The binding free energy computed for D156 was 0.045 kcal/mol while those computed for both vdw and electrostatic terms were −0.26 and −0.68 kcal/mol, respectively (Figure 7). This may indicate that D156 was not playing a major role in interacting with G3T since a occupied time of smaller than 5% was also estimated from the HB analysis for the residue. This was further evidenced by ΔΔGsubtotal,GB and ΔΔGsubtotal,PB computed from the alaning scanning for mutant D156A where the corresponding values obtained for both parameters were 0.17 and −2.39 kcal/mol, respectively (Table 2).
Except a occupied time of 75.7% estimated, the binding free energy computed for the residue was −1.87 kcal/mol (Figure 7) which was apparently contributed from the electrostatic interaction with G3T. This residue may also play a major role in interacting with G3T since the corresponding ΔΔGsubtotal,GB and ΔΔGsubtotal,PB computed from the alanine scanning for the residue were 4.32 and 4.65 kcal/mol, respectively (Table 2). These also agreed with that obtained experimentally from the mutagenesis studies (Table 1).
This was the residue where the experimentally determined and theoretically computed results were least agreed with each other. While both binding free energy (−4.09 kcal/mol, Figure 7) and occupied time (75.7%) computed were favoring the interaction with G3T, both ΔΔGsubtotal,GB and ΔΔGsubtotal,PB computed for the residue were huge and were 9.75 and 15.00 kcal/mol, respectively (Table 2). As shown in Figure 7, both the electrostaic and solvation energies computed for this residue were also exceptionally high. These were the causative reasons why the theoretical results computed for the residue were not agreed with those determined experimentally. It was still unclear why the solvation energies computed by both GB and PB models for the residue were extraordinarily high. However, the experimentally determined ΔΔG did show that the strength of interaction of this residue with G3T should come after those of H195, Y155, and W218 (Table 2).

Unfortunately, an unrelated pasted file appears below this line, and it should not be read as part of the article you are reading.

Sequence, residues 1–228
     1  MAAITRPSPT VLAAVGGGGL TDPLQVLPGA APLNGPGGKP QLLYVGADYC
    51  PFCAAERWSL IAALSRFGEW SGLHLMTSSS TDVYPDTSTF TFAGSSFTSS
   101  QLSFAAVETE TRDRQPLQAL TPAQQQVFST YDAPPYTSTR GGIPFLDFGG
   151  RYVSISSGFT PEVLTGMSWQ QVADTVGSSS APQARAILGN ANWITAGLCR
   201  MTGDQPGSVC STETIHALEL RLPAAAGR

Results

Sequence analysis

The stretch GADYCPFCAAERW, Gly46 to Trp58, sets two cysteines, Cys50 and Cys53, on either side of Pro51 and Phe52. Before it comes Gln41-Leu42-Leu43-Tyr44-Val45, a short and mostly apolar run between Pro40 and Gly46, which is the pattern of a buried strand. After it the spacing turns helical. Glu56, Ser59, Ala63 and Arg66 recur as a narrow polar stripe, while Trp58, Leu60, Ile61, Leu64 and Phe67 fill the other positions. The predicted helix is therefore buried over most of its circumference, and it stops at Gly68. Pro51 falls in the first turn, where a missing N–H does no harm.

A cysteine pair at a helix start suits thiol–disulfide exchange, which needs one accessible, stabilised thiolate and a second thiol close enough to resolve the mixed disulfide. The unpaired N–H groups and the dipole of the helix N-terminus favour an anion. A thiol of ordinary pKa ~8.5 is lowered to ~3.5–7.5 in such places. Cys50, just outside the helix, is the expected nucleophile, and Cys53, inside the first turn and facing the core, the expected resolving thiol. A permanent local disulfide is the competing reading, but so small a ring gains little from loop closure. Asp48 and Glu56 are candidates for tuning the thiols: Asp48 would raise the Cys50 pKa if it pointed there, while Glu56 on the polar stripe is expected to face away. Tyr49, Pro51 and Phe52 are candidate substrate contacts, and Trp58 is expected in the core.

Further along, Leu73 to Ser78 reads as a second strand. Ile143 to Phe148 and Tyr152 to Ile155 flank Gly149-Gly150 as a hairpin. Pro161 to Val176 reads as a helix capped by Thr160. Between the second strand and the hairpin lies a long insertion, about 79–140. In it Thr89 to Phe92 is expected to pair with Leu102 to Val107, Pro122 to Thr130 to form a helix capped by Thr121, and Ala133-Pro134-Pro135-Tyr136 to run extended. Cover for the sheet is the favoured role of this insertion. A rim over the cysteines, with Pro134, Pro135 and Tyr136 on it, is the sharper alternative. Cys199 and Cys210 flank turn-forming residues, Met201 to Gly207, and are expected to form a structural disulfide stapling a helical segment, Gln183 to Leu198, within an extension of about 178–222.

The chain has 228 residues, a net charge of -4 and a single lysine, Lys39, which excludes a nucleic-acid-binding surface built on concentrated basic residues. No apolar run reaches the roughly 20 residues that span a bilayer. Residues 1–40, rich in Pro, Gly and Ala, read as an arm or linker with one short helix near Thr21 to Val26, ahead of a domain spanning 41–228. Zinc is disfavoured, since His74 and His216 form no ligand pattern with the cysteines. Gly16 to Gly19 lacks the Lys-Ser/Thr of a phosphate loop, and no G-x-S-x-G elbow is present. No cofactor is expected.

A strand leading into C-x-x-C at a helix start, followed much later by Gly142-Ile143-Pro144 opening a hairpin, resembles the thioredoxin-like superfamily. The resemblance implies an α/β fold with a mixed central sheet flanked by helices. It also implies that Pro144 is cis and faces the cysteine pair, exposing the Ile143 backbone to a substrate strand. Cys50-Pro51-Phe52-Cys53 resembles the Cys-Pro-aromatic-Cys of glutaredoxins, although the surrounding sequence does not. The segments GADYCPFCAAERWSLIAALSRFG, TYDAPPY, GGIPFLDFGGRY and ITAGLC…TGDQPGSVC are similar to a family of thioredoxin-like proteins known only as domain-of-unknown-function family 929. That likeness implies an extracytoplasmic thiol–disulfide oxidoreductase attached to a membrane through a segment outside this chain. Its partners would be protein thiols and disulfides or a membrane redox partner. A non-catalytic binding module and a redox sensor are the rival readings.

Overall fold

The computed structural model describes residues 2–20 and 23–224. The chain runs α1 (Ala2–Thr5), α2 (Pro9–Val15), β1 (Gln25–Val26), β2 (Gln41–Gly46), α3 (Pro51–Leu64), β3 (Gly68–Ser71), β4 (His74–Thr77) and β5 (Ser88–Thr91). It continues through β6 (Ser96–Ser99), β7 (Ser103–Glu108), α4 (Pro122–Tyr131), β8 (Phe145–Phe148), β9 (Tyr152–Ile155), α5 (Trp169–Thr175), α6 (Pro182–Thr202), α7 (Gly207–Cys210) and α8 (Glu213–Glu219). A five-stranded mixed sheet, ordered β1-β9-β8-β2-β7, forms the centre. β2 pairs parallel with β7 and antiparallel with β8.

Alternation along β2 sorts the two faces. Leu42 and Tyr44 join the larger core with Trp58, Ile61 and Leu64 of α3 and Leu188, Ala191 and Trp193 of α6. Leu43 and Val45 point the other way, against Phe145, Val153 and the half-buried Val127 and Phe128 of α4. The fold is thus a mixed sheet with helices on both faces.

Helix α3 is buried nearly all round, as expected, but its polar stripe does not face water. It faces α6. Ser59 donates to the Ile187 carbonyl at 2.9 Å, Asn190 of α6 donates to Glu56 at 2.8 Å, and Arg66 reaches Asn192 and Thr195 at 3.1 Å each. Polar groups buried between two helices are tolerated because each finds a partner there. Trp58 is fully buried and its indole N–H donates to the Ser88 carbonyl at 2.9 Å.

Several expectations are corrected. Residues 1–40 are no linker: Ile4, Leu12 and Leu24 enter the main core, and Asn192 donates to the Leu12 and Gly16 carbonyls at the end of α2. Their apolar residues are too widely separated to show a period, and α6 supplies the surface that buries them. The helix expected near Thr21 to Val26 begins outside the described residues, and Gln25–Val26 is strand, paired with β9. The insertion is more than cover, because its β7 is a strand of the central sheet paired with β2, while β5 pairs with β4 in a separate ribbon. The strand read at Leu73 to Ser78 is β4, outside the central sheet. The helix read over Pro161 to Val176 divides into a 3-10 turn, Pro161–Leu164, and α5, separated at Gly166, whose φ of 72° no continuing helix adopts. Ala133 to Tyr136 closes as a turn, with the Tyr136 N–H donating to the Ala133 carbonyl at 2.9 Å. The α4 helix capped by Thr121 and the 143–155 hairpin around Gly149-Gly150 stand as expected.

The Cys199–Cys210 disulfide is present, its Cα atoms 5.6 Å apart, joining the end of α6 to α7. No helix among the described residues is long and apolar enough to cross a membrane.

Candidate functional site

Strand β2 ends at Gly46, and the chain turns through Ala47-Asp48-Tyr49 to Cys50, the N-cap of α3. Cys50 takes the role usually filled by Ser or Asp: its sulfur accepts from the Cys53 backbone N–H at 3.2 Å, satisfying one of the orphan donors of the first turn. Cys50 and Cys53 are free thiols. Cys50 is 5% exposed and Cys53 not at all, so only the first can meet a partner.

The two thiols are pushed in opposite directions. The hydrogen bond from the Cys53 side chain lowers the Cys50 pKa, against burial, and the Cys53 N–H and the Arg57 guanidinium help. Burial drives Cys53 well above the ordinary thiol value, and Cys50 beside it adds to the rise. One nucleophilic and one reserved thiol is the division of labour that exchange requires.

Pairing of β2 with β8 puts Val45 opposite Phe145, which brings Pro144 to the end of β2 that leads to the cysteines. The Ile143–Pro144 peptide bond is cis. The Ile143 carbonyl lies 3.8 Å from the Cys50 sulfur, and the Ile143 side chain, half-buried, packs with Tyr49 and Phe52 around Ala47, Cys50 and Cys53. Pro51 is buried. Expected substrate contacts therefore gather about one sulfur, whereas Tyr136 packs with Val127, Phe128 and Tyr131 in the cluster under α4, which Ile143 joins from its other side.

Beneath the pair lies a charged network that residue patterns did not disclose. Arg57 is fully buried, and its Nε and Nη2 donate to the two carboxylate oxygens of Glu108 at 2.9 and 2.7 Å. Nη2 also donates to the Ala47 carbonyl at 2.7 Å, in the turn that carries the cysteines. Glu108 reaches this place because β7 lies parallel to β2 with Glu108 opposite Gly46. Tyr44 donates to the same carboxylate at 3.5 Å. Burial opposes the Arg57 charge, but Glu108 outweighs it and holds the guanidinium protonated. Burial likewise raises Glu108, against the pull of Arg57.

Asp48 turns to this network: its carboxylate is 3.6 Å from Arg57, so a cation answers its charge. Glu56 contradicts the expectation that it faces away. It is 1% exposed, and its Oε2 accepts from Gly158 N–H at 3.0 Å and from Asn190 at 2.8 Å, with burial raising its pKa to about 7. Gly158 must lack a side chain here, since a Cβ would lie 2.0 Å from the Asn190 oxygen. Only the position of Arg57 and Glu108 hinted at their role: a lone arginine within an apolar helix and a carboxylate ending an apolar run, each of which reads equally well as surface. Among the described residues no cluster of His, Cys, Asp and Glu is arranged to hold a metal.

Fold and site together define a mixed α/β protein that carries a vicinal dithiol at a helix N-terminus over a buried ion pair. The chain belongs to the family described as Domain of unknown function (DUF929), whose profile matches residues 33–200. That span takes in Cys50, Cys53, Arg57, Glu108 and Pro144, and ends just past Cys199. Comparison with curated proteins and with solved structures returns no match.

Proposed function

The binding free energy computed for the residue with G3T was only −0.24 kcal/mol (Figure 7) which was in parallel with the fact that a smaller occupied time of less than 5% was computed for the residue. Both ΔΔGsubtotal,GB and ΔΔGsubtotal,PB computed for the residue were 0.33 and 0.63 kcal/mol, respectively (Table 2). These results indicated that the residue was not playing a major role in interacting with G3T.
The binding free energy computed for this residue was −5.47 kcal/mol (Figure 7) which was contributed predominantly from that of the vdw interaction (−4.21 kcal/mol, Figure 7) with the ligand. Except this, the other type of interactions were not so significant as also reflected in a smaller occupied time of less than 5% computed for the residue. However, both ΔΔGsubtotal,GB and ΔΔGsubtotal,PB computed for the residue were 8.30 and 3.81 kcal/mol, respectively (Table 2), which were in fair agreement with that determined from a previous experimental work (Table 2 and ). This would indicate that the residue may also play a major role in interacting with G3T.
Ab Initio Quantum Chemical Calculation with the Truncated Model System